A cow will produce 5-6% of her body weight in manure every day. So a 1000lb yearling being transported to market at 15 months old has already deposited about 20 times its body weight in manure on the land. The nutrients contained in the bodies of cattle are insignificant compared to the other ecosystem services provided by cattle.
“Further weakening Savory’s argument for the wholesale application of holistic management to the world’s deserts is his distorted view of desert ecology. There are two basic kinds of deserts: genuinely degraded landscapes in need of revival and ecologically thriving ones best left alone. Proof that Savory fails to grasp this basic distinction comes when, during his talk, he calls desert algae crust (aka “cryptobiotic crust”) a “cancer of desertification” that represses grasses and precipitate runoff. The thing is desert algae crust, as desert ecologists will attest, is no cancer. Instead, it’s the lush hallmark of what Ralph Maughan, director of the Western Watersheds Project, calls “a complete and ancient ecosystem.” According to the U.S. Geological Survey, “Crusts generally cover all soil spaces not occupied by green plants. In many areas, they comprise over 70 percent of the living ground cover and are key in reducing erosion, increasing water retention, and increasing soil fertility.” Savory, whose idea of a healthy ecosystem is one with plenty of grass to feed cattle, neglects the less obvious flora—such as, in addition to algae crust, blackbrush, agaves, and creosote—that cattle tend to trample, thereby reducing the desert’s natural ability to sequester carbon on its own terms. “It is very important,” Maughan writes, “that this carbon storage not be squandered trying to produce livestock.””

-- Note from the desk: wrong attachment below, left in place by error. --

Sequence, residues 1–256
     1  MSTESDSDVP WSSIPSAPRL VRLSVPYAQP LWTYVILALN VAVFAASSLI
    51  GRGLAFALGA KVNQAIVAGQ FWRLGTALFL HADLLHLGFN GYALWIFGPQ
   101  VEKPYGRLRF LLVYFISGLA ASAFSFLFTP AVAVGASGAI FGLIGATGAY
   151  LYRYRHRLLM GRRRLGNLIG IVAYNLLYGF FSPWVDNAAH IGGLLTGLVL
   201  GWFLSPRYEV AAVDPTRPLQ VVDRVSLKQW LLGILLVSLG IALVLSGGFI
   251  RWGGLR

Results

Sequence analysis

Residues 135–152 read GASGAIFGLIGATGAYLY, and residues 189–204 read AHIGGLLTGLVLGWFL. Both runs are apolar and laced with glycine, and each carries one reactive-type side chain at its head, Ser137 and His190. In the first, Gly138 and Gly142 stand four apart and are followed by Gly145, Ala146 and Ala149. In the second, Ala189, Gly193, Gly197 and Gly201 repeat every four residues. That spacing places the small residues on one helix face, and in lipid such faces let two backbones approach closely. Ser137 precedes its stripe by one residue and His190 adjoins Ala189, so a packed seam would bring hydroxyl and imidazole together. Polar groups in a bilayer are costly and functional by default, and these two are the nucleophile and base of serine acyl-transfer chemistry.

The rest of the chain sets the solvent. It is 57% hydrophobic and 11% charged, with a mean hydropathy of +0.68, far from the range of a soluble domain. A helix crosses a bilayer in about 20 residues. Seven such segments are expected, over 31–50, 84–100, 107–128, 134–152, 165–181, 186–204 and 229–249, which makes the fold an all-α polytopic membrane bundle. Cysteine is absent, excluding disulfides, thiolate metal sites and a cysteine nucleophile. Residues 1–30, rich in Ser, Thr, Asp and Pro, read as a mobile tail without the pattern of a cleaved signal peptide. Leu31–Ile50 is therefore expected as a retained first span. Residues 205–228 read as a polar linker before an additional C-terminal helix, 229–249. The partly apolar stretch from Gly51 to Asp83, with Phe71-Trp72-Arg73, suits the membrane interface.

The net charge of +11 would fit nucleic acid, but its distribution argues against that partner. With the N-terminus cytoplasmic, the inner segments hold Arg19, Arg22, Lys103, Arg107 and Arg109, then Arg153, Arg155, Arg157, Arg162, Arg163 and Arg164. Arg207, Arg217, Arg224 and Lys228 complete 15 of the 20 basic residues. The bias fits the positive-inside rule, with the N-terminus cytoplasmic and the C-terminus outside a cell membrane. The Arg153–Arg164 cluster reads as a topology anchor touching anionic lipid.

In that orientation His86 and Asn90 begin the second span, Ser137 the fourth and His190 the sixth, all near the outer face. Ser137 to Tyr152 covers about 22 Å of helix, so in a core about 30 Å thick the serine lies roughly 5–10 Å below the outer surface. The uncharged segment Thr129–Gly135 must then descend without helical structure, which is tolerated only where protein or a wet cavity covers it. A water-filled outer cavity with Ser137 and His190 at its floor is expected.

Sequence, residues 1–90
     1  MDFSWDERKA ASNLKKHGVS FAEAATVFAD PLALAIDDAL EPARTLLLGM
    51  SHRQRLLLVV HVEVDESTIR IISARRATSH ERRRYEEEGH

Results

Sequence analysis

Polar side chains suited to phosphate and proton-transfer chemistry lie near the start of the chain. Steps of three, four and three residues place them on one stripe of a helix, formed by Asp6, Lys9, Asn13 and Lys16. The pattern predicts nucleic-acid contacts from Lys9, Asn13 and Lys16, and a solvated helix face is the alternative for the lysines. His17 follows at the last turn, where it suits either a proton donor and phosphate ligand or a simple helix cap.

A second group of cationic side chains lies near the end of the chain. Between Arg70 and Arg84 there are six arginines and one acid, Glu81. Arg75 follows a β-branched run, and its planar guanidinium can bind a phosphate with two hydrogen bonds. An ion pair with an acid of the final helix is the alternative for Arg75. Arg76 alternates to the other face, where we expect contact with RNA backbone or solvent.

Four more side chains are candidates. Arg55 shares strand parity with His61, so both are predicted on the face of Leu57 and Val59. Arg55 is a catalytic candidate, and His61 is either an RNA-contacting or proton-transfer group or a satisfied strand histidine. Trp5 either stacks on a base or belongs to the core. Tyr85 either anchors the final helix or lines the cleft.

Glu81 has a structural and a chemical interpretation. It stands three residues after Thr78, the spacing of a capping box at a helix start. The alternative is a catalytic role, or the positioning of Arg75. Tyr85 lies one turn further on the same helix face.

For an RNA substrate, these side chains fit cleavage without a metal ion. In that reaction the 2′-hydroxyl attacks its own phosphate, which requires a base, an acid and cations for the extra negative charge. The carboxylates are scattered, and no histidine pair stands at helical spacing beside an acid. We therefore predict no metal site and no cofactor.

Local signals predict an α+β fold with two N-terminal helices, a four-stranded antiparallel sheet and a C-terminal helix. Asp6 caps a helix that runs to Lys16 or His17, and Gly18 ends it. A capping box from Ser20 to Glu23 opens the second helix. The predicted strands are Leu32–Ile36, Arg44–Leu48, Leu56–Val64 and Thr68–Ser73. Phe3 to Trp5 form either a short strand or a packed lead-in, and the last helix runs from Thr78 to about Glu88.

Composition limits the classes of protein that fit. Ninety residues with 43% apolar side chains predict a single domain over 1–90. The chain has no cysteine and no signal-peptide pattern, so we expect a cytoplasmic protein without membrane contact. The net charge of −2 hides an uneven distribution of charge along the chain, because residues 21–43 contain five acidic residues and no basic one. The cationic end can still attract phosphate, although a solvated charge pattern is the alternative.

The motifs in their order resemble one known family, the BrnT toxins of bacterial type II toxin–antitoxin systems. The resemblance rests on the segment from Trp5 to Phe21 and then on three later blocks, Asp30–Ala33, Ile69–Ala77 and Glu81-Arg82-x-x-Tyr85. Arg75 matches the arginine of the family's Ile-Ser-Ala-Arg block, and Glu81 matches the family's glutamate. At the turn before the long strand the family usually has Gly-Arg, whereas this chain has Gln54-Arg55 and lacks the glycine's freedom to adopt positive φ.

There are two points worth addressing here. First James asserts that the hard “crust” on desert soils is preferable to the grassland that could exist otherwise. Then he asserts that “the desert’s natural ability to squester carbon” is more important than what can be achieved with livestock.
The Value Of Desert Algae Crusts Versus Grassland
No scientist can tell us whether a algal crust is more valuable than a grassland. It depends on what we value most. Here are some reasons that replacing “cryptobiotic crusts” with grassland might be a very good idea:
- Grasslands sequester carbon in the soil, reducing global GHG levels. (reference) Algal crusts do not increase the carbon stored in soil and store less carbon in their biomass than grassland.
- Grasslands produce food for humans, as well as for wildlife. Algal crusts do not.
- Air temperatures fluctuate more dramatically over a crusted surface than over a grassland. Over a large enough scale this effects regional air temperatures. (hotter summers and colder winters)
- Algal crusts do not permit most new seeds to grow. Seeds which fall on to the surface of a crust are excluded from the nutrients and moisture of the soil, which they require for growth. Over time, a lack of seedling growth leads to loss of plant life.
- Grasslands contain more biodiversity than areas dominated by cryptobiotic crusts (in terms of number of species). Biodiversity is essential for ecosystem resilience and stability.
- Algae crusts do not permit the infiltration of rainfall into the soil, whereas grassland soils absorb rainwater readily. (reference)
- Rain that does not infiltrate the soil travels over the surface: causing erosion and flooding downstream.
- Rain that falls on an area with algal crusts is not stored in the soils of those areas, depriving the ecosystem of life-giving water reservoirs.